Comparison with forums and Usenet news

Mailing lists are comparable to forums or Usenet . The advantage over a web forum is that the posts can be read and written offline . One advantage over Usenet is that a list server (the program that distributes the news) is much easier to set up than a newsgroup on Usenet. Most Internet users have a program for reading news ( newsreader ) as part of their web browser , but they are not familiar with this option and cannot operate it. In addition, they would have to have Usenet access (available almost automatically at universities, but otherwise hardly) or subscribe to one for a fee.

Certain rules for the formatting of messages have become established in Usenet as well as on mailing lists. A summary of rules, compliance with which contributes to better readability and comprehensibility of the "course of the conversation" (thread) is known as netiquette . A frequent violation of this netiquette is the superfluous use of full quotes in replies or so-called thread hijacking , whereby the sender starts a new topic as a reply within a running thread instead of starting a new thread with a new mail.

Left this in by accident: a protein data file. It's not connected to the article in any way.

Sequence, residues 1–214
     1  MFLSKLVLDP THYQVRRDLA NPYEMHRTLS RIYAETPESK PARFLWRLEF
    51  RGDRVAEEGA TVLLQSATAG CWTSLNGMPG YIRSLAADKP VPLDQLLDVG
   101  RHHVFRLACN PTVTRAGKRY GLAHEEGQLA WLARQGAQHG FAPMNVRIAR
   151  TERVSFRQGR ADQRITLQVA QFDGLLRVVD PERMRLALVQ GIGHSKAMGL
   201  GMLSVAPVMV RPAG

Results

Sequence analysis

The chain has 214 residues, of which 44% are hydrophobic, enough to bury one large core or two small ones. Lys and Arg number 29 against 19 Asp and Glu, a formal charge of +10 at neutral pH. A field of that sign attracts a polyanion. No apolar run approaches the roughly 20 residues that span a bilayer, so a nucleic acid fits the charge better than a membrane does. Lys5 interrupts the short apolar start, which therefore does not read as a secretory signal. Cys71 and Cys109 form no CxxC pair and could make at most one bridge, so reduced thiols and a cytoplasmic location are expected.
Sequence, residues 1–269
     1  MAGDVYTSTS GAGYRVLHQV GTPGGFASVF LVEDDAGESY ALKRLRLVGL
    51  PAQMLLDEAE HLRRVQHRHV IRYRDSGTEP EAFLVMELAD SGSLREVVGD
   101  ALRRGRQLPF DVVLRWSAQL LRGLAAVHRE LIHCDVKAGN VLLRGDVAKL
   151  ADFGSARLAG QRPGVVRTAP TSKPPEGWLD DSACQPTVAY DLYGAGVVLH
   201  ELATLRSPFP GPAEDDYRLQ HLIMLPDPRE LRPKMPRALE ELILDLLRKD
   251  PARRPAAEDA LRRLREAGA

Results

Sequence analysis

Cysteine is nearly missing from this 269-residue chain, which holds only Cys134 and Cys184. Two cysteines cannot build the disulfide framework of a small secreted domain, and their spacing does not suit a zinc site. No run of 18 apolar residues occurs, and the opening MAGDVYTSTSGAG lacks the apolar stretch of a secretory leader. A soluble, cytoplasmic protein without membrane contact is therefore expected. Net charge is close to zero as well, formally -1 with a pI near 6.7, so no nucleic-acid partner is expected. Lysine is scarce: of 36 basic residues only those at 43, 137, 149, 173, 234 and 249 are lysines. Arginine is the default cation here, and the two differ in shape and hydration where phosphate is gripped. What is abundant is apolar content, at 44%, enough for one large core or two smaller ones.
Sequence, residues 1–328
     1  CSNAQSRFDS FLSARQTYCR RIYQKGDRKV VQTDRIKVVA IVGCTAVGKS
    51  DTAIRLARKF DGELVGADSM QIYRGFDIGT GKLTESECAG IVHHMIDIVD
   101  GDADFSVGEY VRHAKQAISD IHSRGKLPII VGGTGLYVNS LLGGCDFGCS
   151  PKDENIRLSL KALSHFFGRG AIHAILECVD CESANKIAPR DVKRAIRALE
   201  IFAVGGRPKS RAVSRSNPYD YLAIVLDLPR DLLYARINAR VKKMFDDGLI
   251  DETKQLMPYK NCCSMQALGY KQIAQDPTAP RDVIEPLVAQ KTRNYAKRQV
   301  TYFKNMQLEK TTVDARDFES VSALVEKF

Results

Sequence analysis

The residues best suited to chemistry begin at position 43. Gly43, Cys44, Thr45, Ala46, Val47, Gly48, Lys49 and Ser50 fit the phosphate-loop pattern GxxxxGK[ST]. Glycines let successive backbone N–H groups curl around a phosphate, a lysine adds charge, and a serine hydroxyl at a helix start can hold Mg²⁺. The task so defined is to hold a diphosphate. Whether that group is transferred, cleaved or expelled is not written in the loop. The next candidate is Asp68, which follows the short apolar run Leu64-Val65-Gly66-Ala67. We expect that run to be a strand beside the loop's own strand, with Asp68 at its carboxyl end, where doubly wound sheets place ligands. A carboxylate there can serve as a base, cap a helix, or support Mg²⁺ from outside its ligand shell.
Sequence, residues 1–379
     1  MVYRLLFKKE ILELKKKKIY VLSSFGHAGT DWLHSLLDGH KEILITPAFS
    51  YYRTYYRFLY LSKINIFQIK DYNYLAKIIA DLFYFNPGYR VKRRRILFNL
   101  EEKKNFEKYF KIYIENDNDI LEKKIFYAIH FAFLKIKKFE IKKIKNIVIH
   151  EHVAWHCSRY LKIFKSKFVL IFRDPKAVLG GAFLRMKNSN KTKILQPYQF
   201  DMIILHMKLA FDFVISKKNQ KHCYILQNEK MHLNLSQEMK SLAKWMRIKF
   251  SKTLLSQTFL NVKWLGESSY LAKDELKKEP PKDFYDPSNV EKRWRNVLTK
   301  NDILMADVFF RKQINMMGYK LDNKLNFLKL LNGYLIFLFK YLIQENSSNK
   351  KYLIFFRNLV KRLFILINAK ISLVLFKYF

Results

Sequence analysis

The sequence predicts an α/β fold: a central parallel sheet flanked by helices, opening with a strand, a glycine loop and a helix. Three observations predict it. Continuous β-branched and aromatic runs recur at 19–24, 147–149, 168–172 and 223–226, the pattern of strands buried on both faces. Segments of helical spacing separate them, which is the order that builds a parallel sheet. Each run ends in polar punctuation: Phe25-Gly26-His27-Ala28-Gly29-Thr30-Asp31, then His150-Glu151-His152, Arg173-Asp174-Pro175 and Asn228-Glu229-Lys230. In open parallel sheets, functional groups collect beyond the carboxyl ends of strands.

Frequently used mailing list programs:

Other programs and mailing list providers are: Dada Mail , Dgroups , Email marketing software , Google Groups , GroupServer , Mailing list , MSN Groups , Online consultation , Regroup , SmartList , squeeze page and Yahoo! Groups .

Encrypted mailing lists

There are now some approaches to encrypting mailing lists. So far, however, only a few mailing list providers support these. An example of a functioning encryption is Sympa, which can be used for this together with S / MIME certificates.

Web links

Wiktionary: Mailing list  - explanations of meanings, word origins, synonyms, translations

Individual evidence

  1. Software overview for the encryption of mailing lists